François Jacob, who was born in Brussels in 1976, places his protagonists, which are often equipped with costumes and props, in a predominantly dark pictorial space, the background appearing inexistent or invisible. This confining lack of any spatial depth evokes a prevailing mood of melancholy. The rather unspectacular scene is performed by just one or two figures and carried out in the foreground, thus mimicking a stage action that is enhanced by a dramatic baroque lighting, emphasizing the division between an overwhelming brightness and a brooding duskiness. The action in question, however, seems suspended just like a movie still that has been removed from its narrative context and now appears replete with suspense and suggestive of a plot that remains a secret to the viewer.
Often the beam of a single spotlight starkly illuminates the characters. Jacob’s manipulative use of effects of light and shadow seems to stem from an intense revelatory motivation, in which the representation and overt display of subjects in painting and art is questioned as well. Not only is the boundary between public and private space neutralised in this particular depiction, but the viewer also becomes engaged in a play with roles, forcing him to reflect on his own part as a spectator or even voyeur. Jacob’s staging literally “brings something to light”: it reveals a different reality, introducing parallel worlds and providing a glance into the secret realms of the soul. In concentrating on situations related to disguising, camouflaging, the artist demonstrates the fundamental schism between true self and an assumed, artificial persona. The conflict between outer appearance and inner reality in particular serves to emphasize the ambiguity to which mankind acquiesces.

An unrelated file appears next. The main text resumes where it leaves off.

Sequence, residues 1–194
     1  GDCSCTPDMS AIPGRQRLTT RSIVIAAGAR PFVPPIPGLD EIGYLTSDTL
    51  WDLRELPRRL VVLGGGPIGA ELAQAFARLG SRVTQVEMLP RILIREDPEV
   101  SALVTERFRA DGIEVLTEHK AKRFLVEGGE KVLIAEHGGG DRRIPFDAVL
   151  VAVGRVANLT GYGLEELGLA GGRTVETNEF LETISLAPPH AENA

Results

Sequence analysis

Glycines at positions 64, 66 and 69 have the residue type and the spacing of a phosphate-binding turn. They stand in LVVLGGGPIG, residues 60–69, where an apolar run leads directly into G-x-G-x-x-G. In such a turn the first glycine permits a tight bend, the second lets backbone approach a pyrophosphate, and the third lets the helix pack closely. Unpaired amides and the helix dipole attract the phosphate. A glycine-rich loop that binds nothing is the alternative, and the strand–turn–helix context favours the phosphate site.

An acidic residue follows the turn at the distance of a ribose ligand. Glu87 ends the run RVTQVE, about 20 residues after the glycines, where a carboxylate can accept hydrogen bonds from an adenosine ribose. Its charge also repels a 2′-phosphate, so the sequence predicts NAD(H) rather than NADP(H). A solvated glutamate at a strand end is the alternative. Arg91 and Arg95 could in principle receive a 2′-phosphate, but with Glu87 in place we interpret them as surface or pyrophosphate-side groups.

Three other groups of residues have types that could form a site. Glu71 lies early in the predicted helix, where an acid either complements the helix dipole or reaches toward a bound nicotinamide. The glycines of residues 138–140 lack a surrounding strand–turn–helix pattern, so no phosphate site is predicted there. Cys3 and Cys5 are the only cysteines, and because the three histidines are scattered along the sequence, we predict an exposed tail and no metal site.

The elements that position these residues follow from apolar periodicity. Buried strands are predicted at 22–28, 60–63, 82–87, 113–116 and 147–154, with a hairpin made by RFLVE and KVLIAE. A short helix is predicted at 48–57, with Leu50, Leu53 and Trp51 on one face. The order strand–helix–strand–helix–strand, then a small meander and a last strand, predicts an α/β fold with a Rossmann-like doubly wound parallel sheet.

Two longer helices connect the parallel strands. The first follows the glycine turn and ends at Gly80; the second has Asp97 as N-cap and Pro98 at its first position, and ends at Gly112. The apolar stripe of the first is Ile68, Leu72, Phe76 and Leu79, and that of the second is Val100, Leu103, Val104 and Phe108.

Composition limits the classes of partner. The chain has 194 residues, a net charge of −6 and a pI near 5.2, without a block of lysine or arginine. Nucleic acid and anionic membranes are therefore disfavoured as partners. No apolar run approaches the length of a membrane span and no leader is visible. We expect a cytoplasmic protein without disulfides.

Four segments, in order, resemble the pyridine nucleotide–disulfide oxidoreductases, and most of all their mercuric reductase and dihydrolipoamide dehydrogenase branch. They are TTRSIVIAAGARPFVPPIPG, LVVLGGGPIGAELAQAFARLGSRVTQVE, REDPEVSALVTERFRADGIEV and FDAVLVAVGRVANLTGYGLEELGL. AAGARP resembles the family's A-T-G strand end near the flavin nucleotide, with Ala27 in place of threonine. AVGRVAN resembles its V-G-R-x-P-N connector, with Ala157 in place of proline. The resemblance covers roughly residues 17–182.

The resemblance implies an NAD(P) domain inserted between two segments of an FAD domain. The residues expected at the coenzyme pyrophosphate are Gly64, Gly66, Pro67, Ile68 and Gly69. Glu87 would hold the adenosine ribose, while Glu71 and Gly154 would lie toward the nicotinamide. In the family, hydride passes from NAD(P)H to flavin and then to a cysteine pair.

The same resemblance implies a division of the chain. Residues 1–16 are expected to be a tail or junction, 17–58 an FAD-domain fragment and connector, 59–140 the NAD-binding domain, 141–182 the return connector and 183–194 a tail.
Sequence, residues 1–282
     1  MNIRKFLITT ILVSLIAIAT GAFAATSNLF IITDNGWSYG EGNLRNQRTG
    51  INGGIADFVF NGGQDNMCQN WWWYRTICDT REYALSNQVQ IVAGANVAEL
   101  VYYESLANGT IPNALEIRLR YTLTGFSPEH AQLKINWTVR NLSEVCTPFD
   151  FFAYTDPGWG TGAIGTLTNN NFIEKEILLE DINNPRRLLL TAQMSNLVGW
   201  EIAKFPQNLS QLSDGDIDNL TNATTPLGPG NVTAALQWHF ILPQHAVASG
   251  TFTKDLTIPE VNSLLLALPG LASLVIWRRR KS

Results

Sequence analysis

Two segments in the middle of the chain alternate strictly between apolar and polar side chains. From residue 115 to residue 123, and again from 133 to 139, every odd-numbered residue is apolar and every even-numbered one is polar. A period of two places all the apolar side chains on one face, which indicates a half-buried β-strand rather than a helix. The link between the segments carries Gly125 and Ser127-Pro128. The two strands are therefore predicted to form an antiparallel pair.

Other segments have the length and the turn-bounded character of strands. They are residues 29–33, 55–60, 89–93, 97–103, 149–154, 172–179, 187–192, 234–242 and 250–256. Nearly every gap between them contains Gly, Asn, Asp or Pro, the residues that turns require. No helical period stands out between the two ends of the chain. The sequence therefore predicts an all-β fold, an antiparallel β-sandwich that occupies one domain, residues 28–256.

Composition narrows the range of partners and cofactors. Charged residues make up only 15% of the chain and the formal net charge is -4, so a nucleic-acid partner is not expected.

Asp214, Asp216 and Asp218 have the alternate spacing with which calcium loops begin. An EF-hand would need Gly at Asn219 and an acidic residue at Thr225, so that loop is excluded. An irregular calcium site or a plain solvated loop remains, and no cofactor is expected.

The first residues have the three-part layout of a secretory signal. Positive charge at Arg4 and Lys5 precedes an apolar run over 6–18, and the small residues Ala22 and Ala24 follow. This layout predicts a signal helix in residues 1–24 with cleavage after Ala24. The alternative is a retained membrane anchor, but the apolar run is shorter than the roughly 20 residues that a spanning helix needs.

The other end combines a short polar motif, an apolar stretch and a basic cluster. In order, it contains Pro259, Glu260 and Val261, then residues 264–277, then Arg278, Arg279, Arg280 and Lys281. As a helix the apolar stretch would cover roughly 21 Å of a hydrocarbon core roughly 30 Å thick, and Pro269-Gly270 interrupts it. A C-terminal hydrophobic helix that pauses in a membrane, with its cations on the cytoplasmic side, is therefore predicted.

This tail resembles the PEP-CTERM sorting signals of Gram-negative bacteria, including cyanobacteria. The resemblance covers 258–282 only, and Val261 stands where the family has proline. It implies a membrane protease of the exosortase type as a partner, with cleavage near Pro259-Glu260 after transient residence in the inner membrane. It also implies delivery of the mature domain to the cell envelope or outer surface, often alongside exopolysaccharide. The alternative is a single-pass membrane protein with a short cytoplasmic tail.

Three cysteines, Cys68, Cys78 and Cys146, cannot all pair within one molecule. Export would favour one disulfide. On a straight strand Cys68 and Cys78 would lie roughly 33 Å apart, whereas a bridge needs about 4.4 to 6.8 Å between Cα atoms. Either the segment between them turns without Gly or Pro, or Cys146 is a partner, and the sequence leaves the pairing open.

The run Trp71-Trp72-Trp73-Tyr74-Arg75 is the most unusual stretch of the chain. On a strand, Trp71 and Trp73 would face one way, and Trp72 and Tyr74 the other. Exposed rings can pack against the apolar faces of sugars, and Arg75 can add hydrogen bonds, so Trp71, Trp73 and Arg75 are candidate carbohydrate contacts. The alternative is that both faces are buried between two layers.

As such, all of François Jacob´s subjects embody a primordial estrangement, articulated through an introverted, misplaced demeanor. Seeming to hide behind a fictitious façade and often ridiculously distorted, they parade in front of the spectator like a line-up of court characters from a Diego Velázquez painting, consisting of sorrowful dwarves, slaves and jesters. François Jacob’s powerful works reflect the world as a stage, the masquerade of human being and they blatantly expose the ambiguity of an existence that manifests itself in “many faces”.